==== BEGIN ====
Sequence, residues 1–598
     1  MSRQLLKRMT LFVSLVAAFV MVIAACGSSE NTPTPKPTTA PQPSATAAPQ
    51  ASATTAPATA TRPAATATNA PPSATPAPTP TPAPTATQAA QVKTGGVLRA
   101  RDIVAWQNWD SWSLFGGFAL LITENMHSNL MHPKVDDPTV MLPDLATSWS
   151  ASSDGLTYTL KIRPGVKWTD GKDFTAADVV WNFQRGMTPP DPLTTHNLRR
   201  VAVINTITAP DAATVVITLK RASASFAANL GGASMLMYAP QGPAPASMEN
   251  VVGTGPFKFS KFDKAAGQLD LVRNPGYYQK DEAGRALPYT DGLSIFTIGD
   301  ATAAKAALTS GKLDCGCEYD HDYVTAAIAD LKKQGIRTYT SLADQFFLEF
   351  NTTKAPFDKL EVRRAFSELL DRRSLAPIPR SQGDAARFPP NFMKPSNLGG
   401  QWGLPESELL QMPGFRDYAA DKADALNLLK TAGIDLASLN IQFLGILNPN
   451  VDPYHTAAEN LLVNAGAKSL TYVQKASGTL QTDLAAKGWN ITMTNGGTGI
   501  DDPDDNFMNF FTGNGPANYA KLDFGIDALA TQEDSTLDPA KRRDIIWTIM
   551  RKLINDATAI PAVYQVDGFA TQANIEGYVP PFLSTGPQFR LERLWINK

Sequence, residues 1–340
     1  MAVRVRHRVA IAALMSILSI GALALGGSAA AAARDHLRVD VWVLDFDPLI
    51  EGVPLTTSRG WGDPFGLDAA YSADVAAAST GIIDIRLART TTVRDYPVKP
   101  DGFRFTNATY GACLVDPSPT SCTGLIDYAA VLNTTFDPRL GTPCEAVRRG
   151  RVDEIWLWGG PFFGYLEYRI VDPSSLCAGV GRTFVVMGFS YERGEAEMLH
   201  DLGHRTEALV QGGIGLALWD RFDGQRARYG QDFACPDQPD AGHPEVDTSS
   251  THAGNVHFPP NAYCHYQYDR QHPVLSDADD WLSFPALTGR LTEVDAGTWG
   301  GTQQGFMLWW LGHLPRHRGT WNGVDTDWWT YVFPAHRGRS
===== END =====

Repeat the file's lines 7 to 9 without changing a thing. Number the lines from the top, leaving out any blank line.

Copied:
   251  VVGTGPFKFS KFDKAAGQLD LVRNPGYYQK DEAGRALPYT DGLSIFTIGD
   301  ATAAKAALTS GKLDCGCEYD HDYVTAAIAD LKKQGIRTYT SLADQFFLEF
   351  NTTKAPFDKL EVRRAFSELL DRRSLAPIPR SQGDAARFPP NFMKPSNLGG